A well executed support hold. This is the ideal starting point for a full dip.

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Common mistakes

Some common dip mistakes are:

  • Going too deep. Whilst going deeper helps put the triceps muscle through more of its full range of motion, in this exericse it can cause over-extension of the shoulder muscles, which done repeatedly can lead to shoulder hyperextension and instability leading to serious injuries.
  • Failing to keep your hands, wrists and forearms in line. Letting your hands cave in or out puts a lot of stress on your wrist joints and if you fail to control the exercise can lead to wrist injuries. Keeping them in track also helps ensure you maximise your force output whilst allowing you to be better at maintaining control.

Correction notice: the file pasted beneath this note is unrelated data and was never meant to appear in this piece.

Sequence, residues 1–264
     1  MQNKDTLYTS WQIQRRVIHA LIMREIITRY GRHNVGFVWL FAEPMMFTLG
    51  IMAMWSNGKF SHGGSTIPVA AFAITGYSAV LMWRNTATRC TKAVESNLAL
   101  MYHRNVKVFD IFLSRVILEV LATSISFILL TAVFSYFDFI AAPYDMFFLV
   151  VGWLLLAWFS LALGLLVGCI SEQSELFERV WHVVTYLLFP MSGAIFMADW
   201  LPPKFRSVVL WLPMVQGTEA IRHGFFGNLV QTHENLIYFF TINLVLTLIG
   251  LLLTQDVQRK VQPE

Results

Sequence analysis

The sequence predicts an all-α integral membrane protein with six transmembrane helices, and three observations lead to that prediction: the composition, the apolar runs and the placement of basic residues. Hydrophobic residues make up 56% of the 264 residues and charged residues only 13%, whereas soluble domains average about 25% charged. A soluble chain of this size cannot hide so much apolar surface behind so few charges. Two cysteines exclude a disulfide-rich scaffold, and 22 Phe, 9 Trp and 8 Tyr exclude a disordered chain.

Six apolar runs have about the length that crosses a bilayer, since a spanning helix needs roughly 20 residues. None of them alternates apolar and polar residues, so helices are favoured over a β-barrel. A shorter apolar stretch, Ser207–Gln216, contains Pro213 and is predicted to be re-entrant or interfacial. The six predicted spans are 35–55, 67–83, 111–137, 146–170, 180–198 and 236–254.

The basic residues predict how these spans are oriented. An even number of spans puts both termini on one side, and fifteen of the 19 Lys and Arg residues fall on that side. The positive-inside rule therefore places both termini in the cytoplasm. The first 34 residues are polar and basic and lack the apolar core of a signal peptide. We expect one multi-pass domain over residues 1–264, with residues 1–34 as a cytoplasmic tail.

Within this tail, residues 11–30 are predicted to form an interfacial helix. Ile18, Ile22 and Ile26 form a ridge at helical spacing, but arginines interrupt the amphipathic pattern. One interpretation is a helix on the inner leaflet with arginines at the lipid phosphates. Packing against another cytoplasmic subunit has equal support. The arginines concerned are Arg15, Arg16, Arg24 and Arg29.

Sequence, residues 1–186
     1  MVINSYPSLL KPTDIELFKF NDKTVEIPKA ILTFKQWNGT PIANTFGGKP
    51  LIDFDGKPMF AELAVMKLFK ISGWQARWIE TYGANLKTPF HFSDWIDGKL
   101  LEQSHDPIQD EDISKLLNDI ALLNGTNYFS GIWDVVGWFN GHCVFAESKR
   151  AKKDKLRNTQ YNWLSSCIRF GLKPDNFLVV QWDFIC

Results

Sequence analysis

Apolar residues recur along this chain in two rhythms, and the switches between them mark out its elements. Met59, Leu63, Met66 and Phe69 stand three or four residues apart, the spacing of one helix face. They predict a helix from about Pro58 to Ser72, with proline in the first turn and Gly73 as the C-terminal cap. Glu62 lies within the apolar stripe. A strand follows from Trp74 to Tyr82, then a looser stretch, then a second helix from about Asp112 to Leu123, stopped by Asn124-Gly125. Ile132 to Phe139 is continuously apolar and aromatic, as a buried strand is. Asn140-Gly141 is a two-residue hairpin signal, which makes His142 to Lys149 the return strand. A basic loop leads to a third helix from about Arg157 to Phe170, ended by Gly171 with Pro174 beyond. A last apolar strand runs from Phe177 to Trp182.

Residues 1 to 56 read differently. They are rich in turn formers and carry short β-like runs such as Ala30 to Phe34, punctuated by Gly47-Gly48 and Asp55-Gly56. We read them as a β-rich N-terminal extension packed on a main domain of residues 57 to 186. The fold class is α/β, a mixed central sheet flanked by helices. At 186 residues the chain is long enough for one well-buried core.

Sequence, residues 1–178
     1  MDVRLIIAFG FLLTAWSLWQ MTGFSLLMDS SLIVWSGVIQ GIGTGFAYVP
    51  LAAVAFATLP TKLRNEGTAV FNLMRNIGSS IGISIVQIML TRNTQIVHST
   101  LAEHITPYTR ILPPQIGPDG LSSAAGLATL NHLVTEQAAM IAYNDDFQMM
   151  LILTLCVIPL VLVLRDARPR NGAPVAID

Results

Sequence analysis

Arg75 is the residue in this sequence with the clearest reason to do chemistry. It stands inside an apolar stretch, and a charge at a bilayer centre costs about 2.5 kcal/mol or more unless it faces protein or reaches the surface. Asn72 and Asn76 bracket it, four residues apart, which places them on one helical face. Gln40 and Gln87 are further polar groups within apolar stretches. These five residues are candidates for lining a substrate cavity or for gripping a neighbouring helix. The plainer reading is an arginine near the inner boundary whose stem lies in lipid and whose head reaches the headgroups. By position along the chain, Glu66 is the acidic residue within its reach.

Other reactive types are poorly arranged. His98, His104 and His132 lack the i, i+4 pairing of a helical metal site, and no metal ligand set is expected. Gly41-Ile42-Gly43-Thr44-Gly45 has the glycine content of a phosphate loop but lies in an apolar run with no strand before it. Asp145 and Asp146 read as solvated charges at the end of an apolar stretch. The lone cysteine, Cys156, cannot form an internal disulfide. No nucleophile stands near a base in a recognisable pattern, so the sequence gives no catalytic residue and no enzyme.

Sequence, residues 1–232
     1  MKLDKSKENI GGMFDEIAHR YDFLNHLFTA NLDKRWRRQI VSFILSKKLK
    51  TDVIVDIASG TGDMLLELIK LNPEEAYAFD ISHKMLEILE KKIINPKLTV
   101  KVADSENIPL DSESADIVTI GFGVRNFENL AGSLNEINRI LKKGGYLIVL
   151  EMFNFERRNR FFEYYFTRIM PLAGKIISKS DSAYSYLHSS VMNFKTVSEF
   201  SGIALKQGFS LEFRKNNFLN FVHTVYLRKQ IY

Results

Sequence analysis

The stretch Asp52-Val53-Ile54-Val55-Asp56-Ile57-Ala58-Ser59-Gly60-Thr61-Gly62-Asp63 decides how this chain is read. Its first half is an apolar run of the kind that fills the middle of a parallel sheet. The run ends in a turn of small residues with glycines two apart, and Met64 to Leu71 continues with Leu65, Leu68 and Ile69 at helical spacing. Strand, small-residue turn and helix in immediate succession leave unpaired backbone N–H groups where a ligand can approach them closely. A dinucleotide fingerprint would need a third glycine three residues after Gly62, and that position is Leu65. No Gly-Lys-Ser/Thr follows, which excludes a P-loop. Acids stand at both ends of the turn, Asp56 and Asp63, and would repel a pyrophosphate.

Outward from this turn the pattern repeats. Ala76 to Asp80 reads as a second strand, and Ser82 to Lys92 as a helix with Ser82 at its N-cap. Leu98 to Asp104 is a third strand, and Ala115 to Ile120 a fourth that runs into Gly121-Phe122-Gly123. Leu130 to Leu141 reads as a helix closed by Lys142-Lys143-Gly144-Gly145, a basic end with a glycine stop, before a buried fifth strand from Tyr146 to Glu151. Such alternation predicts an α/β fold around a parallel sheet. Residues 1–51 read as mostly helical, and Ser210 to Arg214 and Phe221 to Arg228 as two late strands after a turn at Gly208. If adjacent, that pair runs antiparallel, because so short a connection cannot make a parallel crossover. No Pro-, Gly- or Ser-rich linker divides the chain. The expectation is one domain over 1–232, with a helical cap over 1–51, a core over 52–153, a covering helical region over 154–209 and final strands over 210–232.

• Letting your elbows flare out to the side. This helps break the track between your hands, wrists and elbows making the exercise harder to control and puts stress on your joints. Depending on your ability and build some slight flaring out may be inevitable however you should always try to keep your elbows tucked in. Some dip variations involve your arms out to the side however in this one they should not be.
  • Tilting your head forward or back. This breaks your spinal alignment putting stress on it. Try to keep your head in alignment with your torso as much as possible.
  • Holding your breath.

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Progression and regression

Ways to regress, or to make this exercise easier to perform:

  • Tuck your legs further back towards your butt. This shortens your leverage making it easier.